Impact of foodborne illnesses

Saturday, November 7, 2015

It seems that our food supply is constantly under attack by pathogens. The Chipotle Restaurant chain has recently closed 43 restaurants in Washington and Oregon. So far at least 37 cases of the illness have been reported. The outbreak has sent 12 people to the hospital.

Dr. Scott Lindquist, Washington's state epidemiologist, said the specific microorganism responsible for the current outbreak is Shiga toxin-producing E. coli O26. Now that the organism has been identified, investigators will examine produce from the list of vendors to see if they can pinpoint where the contamination is coming from.

The outbreak is not the first that Chipotle has had to contend with in recent months. Last July, five people became sick with another strain of E. coli after eating at a Seattle area Chipotle. Then in August, 64 cases of salmonella illness were linked to tainted tomatoes served up at two Chipotle locations in Minnesota. That same month, 80 customers and 18 employees of a Chipotle in southern California became ill, and some tested positive for norovirus.

Sometimes it seems that articles almost write themselves. Earlier this week, I was looking at Amber Waves, the electronic agricultural magazine published by the UDSA Economic Research Service. The article that got my attention was ".Quantifying the Impacts of Foodborne Illnesses" written by Sandra Hoffman. This can be found

Although I think that the U.S. food supply is among the safest in the world. There have been problems and there will continue to be problems. What is happening at Chipotle can and does happen at other chains.

On Thursday morning, there was an article in the Washington Post entitled, "Big and deadly: Major foodborne outbreaks spike sharply." This was written by their health writer, Lena Sun, The Center for Disease control now had greater diagnostic tools to determining the pathogen involved and where it came from.

The gene sequencing played a key role this spring in a major incident traced to Blue Bell Creameries, the nation's third-largest ice cream maker. The company issued the first recall in its 108-year history after ice cream tainted with Listeria monocytogenes, the bacteria that cause the infection listeriosis, was linked to three deaths at a Kansas hospital and illnesses in Kansas and Texas. CDC was able to determine that cases dating as far back as five years ago were related to the outbreak.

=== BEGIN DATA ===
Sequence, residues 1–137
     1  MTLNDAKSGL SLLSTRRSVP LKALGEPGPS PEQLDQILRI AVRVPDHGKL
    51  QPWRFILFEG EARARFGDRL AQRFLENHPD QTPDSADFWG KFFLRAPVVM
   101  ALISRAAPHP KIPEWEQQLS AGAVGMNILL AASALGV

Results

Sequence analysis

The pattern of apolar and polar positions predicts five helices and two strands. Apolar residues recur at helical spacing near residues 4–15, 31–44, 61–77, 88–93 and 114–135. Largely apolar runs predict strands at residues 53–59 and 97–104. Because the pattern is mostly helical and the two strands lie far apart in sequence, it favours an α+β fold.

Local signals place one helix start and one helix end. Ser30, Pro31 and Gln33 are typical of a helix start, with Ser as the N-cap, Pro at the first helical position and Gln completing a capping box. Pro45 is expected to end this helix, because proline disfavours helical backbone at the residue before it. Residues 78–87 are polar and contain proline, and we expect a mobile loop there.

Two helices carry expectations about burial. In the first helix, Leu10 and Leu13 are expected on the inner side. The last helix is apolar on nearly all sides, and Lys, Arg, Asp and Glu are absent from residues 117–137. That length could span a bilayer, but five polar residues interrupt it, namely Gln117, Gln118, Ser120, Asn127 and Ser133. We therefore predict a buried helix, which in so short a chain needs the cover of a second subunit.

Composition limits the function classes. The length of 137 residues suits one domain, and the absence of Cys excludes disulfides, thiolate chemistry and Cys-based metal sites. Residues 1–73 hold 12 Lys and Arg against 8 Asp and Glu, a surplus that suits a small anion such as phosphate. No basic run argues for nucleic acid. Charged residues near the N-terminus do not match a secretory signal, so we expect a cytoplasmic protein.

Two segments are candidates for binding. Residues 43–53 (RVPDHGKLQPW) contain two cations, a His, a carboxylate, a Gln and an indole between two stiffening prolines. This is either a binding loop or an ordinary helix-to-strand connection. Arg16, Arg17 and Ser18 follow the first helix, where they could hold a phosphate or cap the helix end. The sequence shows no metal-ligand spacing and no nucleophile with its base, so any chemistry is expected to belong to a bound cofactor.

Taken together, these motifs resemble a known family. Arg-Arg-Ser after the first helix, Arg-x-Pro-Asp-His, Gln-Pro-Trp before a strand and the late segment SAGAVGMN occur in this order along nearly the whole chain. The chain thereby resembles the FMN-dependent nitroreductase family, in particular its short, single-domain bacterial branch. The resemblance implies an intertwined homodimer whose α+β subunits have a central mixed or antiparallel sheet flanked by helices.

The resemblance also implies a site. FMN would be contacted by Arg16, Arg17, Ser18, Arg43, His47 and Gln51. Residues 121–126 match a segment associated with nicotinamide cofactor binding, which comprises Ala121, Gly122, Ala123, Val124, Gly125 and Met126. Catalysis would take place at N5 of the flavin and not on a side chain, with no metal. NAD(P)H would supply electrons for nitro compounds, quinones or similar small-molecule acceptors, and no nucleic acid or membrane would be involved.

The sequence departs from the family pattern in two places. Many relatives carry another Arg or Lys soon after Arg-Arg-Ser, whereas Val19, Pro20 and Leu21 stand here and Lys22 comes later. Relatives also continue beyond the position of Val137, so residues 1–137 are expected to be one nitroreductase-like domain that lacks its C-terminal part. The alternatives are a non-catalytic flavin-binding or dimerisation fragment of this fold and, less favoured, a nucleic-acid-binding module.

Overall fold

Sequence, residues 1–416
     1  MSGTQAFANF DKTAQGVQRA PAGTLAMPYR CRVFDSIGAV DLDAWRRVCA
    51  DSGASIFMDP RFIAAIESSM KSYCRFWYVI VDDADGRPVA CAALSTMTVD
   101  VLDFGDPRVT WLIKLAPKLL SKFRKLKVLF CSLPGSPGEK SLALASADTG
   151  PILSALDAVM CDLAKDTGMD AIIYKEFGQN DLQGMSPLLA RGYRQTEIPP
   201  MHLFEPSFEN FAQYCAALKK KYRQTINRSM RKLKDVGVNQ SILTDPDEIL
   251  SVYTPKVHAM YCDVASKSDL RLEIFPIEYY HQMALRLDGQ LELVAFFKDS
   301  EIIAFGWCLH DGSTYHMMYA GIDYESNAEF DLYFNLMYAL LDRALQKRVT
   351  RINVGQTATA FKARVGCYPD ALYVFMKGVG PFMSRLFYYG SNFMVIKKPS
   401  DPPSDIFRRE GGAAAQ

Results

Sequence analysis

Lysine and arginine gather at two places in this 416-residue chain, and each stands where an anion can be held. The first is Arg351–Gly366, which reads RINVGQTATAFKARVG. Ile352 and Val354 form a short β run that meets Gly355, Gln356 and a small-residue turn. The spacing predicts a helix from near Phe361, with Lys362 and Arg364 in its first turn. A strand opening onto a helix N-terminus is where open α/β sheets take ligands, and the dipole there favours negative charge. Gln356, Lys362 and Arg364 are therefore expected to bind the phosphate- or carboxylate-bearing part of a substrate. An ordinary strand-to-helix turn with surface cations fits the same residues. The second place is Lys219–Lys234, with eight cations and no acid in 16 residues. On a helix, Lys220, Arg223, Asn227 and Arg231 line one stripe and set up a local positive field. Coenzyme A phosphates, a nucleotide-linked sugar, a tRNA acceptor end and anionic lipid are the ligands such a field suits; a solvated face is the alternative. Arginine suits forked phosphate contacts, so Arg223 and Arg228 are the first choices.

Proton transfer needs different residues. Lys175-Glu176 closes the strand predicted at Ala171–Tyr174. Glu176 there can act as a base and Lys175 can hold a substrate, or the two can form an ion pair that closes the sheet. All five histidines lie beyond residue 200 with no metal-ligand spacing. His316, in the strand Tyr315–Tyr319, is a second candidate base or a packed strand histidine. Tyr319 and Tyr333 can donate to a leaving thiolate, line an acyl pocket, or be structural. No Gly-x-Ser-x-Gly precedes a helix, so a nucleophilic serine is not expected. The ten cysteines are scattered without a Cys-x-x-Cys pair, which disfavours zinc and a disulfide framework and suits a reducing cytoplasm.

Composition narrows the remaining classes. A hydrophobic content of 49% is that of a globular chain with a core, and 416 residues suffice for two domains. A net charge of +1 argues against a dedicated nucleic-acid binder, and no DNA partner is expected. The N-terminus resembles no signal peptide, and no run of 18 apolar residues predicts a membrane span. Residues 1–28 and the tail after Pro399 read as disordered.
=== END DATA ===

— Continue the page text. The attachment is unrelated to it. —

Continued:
The hepatitis A virus is transmitted through ingestion of contaminated food and water or through direct contact with an infectious person. In June of 2013, USA Today had a headline."118 sickened in hepatitis A outbreak linked to berries." The gist of the story is that the Hepatitis A strain was rare and not found in the United States. The mixed berries were sold at Costco. The producer of the berry mix, Townsend Farms of Fairview, Ore., voluntarily began a recall on June 3. The Food and Drug Administration has begun an inspection of the company's processing facilities. The strain of hepatitis A found in the berry mix is rare in the United States but known to circulate in North Africa and the Middle East. According to the label, the Townsend Farms Organic Antioxidant Blend mix contained fruit from the United States, Argentina, Chile and Turkey.

Strawberries imported from Mexico and processed in California caused 153 cases of hepatitis A infection among schoolchildren and teachers in Michigan. It was traced back to a single location. Federal health officials said here today.

The Economic Research Service has analyzed the economic burden of the 15 pathogens responsible for 95 percent of the 9.4 million episodes of foodborne illness for which a pathogen cause can be identified. ERS estimates that these 15 pathogens impose $15.5 billion in economic burden annually. Just five pathogens--Salmonella (all non-typhoidal species), Toxoplasma gondii, Listeria monocytogenes, Norovirus, and Campylobacter--account for 90 percent of this economic burden.

The norovirus accounts of 61 percent of all the cases of foodborne disease in the United States. However, it causes the least economic impact. Salmonella causes the most economic impact. Back in 2008 and 2009, outbreaks from Salmonella were deadly. The Peanut Corporation of America was responsible for an outbreak which sickened 714 and there were nine deaths. The executives of this company have been sentenced under felony laws and face long prison sentences. Of the 1 million cases of Salmonella poisoning each year, only 2 percent require hospitalization.

In September, the Food and Drug Administration finalized long-awaited rules that will require U.S. food manufacturers to make detailed plans to identify and prevent possible contamination risks in their production facilities. FDA said it expects to soon finalize additional rules regarding the growing and packaging of produce, as well as requirements that imported foods meet U.S. safety standards. Most of the rules haven't been put into place yet.

The University of Missouri Extension office is open Monday-Friday located in Kennett, Missouri at 233 North Main Street. Contact 573-888-4722 with questions or comments. MU is an equal opportunity/ADA institution. University of Missouri Extension does not discriminate on the basis of their race, color, religion, sex, sexual orientation, national origin, age, disability in employment or in any program or activity.

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